Sally, a three-year old West Highland White Terrier a patient of our sister clinic Fitzroy Vet Hospital had a three week history of feeling unwell. Several tests including bloods and radiographs had been performed with no specific findings. Her symptoms were vague consisting of general flatness. She had been found in a very depressed state two weeks prior. Her exam showed her vital signs were normal, however there was a painful mass detected in the region of the right kidney.
Radiographs of the abdomen showed a markedly enlarged right kidney. An abdominal ultrasound confirmed the mass was associated with the kidney. The mass was within the kidney and the kidney had been compressed resulting in hydronephrosis (a condition that typically occurs when one kidney becomes swollen due to the failure of normal drainage of urine from the kidney to the bladder).
Sally was referred to the Pascoe Vale Vet Hospital for surgery with our Staff Surgeon Dr Andrew Jacotine. The surgery performed was to remove the entire right kidney and the ureter, in order to remove as much abnormal tissue as possible. When kidneys are only slightly enlarged it is possible to remove a kidney via laparoscopic or keyhole surgery. Sally’s kidney was however about 4 times the size of the other normal kidney and was not able to be removed in this manner.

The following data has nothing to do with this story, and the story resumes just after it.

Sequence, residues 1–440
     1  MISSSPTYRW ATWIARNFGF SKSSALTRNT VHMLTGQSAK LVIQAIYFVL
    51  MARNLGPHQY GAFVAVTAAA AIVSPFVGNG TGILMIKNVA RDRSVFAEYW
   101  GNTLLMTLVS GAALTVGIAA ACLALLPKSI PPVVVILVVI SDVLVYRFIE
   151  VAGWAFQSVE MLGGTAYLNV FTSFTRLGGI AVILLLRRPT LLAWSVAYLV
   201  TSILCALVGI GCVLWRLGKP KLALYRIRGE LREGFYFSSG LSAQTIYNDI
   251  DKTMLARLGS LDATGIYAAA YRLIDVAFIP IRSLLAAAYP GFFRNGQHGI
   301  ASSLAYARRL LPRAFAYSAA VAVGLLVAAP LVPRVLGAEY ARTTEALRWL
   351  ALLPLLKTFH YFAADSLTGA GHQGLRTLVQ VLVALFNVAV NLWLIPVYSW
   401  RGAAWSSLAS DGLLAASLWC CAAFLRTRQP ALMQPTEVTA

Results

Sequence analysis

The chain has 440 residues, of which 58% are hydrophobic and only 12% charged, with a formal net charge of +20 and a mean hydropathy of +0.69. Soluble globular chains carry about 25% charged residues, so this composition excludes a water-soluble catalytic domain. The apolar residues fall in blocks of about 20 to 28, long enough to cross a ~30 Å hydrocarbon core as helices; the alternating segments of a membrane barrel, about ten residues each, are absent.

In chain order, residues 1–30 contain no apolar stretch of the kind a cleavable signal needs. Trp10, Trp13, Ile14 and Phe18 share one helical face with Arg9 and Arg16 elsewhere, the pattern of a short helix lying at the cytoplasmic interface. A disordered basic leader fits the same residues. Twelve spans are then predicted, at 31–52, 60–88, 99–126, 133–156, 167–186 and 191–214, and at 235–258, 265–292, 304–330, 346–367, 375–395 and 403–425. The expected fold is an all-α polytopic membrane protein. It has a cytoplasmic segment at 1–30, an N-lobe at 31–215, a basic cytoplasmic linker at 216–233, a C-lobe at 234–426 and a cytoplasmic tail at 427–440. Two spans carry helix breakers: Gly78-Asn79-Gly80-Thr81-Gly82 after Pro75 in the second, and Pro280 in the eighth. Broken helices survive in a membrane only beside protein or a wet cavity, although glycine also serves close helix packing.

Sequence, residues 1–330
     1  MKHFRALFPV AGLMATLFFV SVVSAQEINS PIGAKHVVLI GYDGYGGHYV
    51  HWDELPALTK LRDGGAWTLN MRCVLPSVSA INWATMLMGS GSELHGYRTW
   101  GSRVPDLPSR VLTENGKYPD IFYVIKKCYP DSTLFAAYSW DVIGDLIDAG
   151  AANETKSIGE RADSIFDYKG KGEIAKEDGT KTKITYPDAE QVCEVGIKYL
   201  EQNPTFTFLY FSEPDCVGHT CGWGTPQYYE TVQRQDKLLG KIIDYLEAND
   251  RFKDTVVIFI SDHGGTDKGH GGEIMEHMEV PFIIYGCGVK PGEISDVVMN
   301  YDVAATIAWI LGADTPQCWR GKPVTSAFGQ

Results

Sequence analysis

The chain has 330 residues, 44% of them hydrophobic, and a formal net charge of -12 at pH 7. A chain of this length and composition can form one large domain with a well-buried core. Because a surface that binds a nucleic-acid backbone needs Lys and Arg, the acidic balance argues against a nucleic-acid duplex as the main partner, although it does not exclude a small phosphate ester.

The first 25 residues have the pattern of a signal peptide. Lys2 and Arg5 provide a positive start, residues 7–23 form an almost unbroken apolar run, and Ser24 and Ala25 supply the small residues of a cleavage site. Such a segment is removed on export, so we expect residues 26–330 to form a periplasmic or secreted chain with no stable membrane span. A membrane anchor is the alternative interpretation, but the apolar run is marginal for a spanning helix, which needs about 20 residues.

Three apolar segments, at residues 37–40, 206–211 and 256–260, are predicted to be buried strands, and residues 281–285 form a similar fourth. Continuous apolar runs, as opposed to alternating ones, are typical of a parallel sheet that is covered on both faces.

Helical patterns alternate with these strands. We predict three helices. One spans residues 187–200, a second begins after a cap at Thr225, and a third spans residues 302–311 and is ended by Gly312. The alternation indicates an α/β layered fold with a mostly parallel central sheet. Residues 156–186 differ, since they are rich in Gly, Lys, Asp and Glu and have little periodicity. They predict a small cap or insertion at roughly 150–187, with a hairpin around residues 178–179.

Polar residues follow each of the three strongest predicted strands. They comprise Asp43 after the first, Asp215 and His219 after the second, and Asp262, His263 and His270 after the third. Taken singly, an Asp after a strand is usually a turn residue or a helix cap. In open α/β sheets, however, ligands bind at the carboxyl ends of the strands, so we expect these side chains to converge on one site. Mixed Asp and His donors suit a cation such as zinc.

During the surgery, Dr Andrew used several pieces of cutting edge equipment to keep the incision as small as possible. The kidney had attached itself to the vena cava (the large vein that carries deoxygenated blood from the lower half of the body into the right atrium of the heart) and needed to be carefully removed from this to prevent major bleeding. Sally had very little blood loss during surgery and recovered within a few days and by day five was considered back to normal.
The removed kidney was sent off to an external laboratory for analysis. The pathology report on the removed kidney identified the tumour as a fibrosarcoma. This is an often nasty malignant tumour which can be found in many tissues including the kidney. Sally, now recovered from her surgery is undertaking chemotherapy as while the tumour has been removed there is a chance that cancerous cells remain and chemotherapy will assist to optimise her chances of beating this cancer.